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Aspirin and postoperative bleeding after CABG


Clinical bottom line

Preoperative aspirin use increased the risk of postoperative blood transfusion in 1 in 25 patients after CABG, increased the risk of use of frozen plasma by 1 in 40, and increased the risk of reoperation for excessive bleeding by 1 in 60.


VA Ferraris et al. Aspirin and postoperative bleeding after coronary artery bypass grafting. Annals of Surgery 235 6: 820-827.


A US database was used to identify patients undergoing CABG alone or in combination with another procedure. Patients with a history of aspirin ingestion within 12 hours of surgery was identified.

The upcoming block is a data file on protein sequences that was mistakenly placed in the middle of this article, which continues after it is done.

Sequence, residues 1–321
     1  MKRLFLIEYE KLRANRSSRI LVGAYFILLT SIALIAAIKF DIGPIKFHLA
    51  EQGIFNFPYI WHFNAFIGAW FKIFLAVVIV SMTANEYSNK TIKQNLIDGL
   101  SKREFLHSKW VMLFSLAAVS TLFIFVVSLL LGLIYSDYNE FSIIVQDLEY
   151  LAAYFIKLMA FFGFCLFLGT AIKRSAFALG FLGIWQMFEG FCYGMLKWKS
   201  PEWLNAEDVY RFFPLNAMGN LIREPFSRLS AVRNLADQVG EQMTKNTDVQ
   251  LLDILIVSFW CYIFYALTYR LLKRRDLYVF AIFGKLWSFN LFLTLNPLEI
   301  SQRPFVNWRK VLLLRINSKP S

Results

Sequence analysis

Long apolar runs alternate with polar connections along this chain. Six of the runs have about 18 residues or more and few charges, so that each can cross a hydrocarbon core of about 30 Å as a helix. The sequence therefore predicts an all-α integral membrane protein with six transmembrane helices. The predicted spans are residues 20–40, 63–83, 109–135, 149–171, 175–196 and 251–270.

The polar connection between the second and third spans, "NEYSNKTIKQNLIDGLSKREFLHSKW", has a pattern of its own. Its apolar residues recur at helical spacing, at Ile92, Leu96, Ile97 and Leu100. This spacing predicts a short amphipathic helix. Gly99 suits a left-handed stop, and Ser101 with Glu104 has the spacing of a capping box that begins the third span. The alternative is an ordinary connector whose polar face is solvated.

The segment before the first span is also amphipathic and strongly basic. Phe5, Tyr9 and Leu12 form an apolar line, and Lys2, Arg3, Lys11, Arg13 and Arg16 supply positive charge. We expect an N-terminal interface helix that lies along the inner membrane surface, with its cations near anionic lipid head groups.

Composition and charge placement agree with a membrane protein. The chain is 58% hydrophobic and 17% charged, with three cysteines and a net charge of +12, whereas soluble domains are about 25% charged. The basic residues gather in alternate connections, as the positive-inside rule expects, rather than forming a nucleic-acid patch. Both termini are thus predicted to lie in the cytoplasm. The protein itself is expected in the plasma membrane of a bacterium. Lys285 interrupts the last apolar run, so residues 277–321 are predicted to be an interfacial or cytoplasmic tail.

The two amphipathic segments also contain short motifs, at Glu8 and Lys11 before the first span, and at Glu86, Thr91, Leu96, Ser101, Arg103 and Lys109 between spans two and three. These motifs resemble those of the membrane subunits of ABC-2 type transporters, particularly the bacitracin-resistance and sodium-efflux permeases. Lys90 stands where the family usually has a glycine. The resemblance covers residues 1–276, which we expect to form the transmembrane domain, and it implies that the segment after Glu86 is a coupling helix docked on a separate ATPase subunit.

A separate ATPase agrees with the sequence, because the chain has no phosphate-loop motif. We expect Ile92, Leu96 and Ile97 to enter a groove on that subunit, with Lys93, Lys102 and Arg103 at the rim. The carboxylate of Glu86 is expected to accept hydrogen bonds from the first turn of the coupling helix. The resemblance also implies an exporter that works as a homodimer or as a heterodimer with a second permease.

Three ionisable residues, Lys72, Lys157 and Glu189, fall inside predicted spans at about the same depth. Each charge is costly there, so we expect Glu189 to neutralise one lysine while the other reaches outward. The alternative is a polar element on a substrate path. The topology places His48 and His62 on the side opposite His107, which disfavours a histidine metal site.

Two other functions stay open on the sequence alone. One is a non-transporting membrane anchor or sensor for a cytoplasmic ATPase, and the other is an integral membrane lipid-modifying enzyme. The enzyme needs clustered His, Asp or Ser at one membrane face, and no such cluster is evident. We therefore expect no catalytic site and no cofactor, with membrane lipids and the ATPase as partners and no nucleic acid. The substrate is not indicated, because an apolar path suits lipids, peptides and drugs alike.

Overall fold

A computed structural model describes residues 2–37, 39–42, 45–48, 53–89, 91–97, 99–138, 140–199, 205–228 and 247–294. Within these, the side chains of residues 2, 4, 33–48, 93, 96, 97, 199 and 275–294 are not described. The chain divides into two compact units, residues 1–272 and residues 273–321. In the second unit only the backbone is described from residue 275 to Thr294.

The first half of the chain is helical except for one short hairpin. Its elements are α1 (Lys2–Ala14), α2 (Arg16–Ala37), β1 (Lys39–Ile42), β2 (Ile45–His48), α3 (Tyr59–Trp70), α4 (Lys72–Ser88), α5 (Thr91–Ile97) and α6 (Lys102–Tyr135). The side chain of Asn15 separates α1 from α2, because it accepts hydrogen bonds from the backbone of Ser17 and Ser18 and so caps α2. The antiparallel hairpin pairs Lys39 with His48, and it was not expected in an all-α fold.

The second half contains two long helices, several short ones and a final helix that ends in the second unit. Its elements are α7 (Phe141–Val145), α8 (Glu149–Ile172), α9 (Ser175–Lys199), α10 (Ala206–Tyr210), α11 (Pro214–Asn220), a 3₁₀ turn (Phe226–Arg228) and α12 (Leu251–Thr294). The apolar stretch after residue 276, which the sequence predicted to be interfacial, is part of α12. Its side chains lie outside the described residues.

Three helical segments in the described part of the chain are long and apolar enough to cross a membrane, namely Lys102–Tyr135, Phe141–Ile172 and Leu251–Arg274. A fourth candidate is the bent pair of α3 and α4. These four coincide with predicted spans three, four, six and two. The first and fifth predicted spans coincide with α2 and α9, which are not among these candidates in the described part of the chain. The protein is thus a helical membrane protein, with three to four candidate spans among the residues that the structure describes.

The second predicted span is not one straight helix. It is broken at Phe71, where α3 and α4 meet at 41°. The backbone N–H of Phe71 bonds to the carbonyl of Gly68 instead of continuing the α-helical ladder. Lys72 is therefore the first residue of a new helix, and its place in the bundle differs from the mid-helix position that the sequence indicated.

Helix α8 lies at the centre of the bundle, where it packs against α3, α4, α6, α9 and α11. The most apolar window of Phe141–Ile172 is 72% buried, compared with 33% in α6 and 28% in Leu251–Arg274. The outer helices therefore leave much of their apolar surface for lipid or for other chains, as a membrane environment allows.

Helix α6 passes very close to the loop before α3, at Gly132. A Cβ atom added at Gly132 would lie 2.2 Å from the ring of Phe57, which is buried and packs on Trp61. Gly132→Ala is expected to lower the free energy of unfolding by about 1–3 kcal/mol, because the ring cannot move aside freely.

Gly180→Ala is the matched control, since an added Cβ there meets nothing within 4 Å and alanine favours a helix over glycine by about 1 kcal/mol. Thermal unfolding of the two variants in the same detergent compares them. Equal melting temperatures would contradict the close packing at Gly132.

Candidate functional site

Postoperative banked red cell use and use of frozen plasma, platelets and cryoprecipitate was recorded in all patients, with more than 80 preoperative and intraoperative variables and demographics.


There were 2,606 procedures, and 63% ingested aspirin within 12 hours of surgery. Among aspirin users 23.1% had a postoperative blood transfusion compared with 19% of those not using aspirin. This was a significant difference of 4%, suggesting that use of aspirin increases the risk of blood transfusion by 1 in every 25 CABG operations.

Use of frozen plasma, platelets and cryoprecipitate was 4.5% in aspirin users, compared with 2.1% in non users (statistically significant).

Reoperation for excessive postoperative bleeding was 3.7% versus 2%, again statistically significant. Use of aspirin was associated with an increased risk of reoperation of 1 in 60.


This is an interesting cohort study that also sought information about which patients were most likely to need a transfusion. Female gender, bypass time and age were the main indicators.